In the meantime we support fully RBC’s action to have protective repairs undertaken. These will however not restore the barn so that it could find a new use. So all innovative ideas (and money) are welcome.

The future of Reading Golf Club (updated 18 Feb to reflect information on the banners)

Several of the committee attended the public exhibition on 11 February about the future of the Reading Golf Club site. The club has decided they have to close as it is not economic for them to maintain their grounds, which is not able to support golf all year. There are also too many golf clubs in the area and overall membership is falling at all but the most exclusive clubs. (this is an international problem). The plan is to “merge” with Caversham Heath Golf Club. The proposal outlined is:

1 Some 250 new homes, 80% being houses and nearly 65% being 3 + bed houses, affordable houses (tenancy / sale) which are “tenure” blind.  The house design a bit uninspired and conventional and it would be nice to encourage something a bit more inspired.

2.       A large proportion of the site (40% of the overall club land – in Oxfordshire and Reading) will become a public space (a new public park was the way they were explaining it).  At the moment members of the public have no right to access any of the land as it is all private so that has to be a big win.

3.       Within the area to be developed (30 acres) 64% is to be open Green space ( 37% being public).  Around 25% of the land in Reading Borough will be designated open or play space, with cycle and footpaths planned to connect the new open spaces to the land in South Oxfordshire that is within our site.

4.       Preservation of the Historic woods, 2 allotments, lots of good ideas on tree planting (orchard) which can doubtless be developed.   

5.       A mysterious “leisure use” on a relatively small area at the bottom left of the planned public space, they would not provide details (clearly commercial discussions ongoing)

6.       The plan includes an expanded  / relocated health centre (as big as Lidl it was said) with flats over (which seems a bit odd).  The way I heard it this has been developed with the local health centre and is significantly larger than the current one, however there seemed to be lack of clarity as to whether they local health centre would staffing it (i.e. can the surgery get the staff). We have noted in discussions with other developers that the Care Commissioning Group can be difficult to engage with to generate positive support for additional Health Care Facilities – in the centre of Reading we understand they say to developers “not required”.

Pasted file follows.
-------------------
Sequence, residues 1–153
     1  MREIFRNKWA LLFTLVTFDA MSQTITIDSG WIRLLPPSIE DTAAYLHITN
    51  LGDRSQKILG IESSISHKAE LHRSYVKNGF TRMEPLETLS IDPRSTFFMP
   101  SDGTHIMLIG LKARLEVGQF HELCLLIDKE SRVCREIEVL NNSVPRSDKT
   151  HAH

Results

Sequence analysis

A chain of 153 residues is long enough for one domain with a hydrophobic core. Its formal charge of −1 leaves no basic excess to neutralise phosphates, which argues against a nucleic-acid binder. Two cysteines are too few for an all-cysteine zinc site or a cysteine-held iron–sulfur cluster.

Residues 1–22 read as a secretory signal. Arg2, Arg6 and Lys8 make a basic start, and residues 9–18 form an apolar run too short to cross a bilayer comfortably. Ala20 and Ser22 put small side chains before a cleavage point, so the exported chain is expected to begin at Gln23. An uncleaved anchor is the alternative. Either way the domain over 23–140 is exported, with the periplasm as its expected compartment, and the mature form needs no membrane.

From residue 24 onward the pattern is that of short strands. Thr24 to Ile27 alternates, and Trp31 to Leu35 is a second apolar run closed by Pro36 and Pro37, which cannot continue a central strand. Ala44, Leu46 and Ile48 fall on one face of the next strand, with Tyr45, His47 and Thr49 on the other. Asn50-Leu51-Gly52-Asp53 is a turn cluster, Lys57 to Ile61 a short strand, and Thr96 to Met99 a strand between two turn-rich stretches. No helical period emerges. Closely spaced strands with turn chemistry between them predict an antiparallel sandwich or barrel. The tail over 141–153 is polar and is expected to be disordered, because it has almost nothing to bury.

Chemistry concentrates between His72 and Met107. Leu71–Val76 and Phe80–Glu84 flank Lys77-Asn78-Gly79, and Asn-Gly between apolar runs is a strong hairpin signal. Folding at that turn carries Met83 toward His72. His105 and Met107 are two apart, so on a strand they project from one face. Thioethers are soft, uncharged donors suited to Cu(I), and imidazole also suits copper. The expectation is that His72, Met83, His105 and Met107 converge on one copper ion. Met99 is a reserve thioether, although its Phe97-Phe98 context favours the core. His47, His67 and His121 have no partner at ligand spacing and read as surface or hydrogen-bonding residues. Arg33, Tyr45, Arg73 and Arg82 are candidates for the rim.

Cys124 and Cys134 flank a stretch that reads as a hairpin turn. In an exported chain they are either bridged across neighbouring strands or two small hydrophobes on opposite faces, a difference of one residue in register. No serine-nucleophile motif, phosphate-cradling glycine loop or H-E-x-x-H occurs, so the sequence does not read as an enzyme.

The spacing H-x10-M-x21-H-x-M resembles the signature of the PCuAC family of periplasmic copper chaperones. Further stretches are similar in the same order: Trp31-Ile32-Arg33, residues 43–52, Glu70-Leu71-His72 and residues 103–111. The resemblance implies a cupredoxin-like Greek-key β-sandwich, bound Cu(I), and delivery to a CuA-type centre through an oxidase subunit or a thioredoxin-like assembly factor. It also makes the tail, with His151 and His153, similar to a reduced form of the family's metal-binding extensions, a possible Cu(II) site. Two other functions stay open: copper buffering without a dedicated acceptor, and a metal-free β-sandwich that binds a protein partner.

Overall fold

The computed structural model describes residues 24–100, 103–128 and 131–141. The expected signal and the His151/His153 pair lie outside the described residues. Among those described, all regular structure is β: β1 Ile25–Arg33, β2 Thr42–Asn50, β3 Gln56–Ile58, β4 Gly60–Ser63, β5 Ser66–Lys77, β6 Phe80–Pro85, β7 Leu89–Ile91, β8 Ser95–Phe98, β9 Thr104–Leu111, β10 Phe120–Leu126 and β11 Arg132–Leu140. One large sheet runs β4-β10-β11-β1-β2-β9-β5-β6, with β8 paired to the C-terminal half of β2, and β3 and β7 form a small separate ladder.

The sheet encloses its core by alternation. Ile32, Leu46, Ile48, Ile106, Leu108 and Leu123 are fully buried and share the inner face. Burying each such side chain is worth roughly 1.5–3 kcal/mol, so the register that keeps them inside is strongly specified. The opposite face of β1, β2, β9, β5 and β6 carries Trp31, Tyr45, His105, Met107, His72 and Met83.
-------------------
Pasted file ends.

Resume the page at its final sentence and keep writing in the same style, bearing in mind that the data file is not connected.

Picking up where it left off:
7.       Traffic. The undoubted transport pressure points were clearly identified on the maps of Reading and there was and explanation about what would have to be done to “mitigate”.  The particular problem is along Kidmore End Road which, because of residents parking on one side of the road, is effectively allows just a single lane of traffic at a time. This will have to be addressed to make this scheme deliverable.

Looking more widely in the centre of Reading there are now around 30 schemes at different stages of the planning process or are being built which will add over 7,000 new homes if taken to fruition and there is not a single new health facility nor any changes to the road infrastructure. Also the constant grumble about brownfield developments in Reading is “not more flats”. People want new homes to be built, just not in their backyard! The land to build houses in Reading is very scarce and so, frankly something, has to give.

The locals Keep Emmer Green are naturally suspicious about the developer’s intent and don’t trust it not to plot to build on the rest of the site (in Oxfordshire boundary) once the first part is under way. The suspicion about developer’s motives is a national one. I think everyone can understand the need for new homes, but in this case it seems to be “not next to me thanks.”

The committee will review its approach over the coming week. A very negative article by Berkshire Live is HERE

Removal of the Trees in Chestnut Walk

Chestnut Walk

(some text with thanks to Friends of Reading Abbey, image Reading Chronicle whose report is HERE)

Chestnut Walk Tree Replacement is part of £160,000 Improvement Plan by Reading Council. A total of 18 distinctive mature horse chestnut trees along the Walk have been declining for a number of years, suffering from canker, fungal brackets and other defects. Inspections have found they are a risk to public safety and four have been felled previously for the same reason.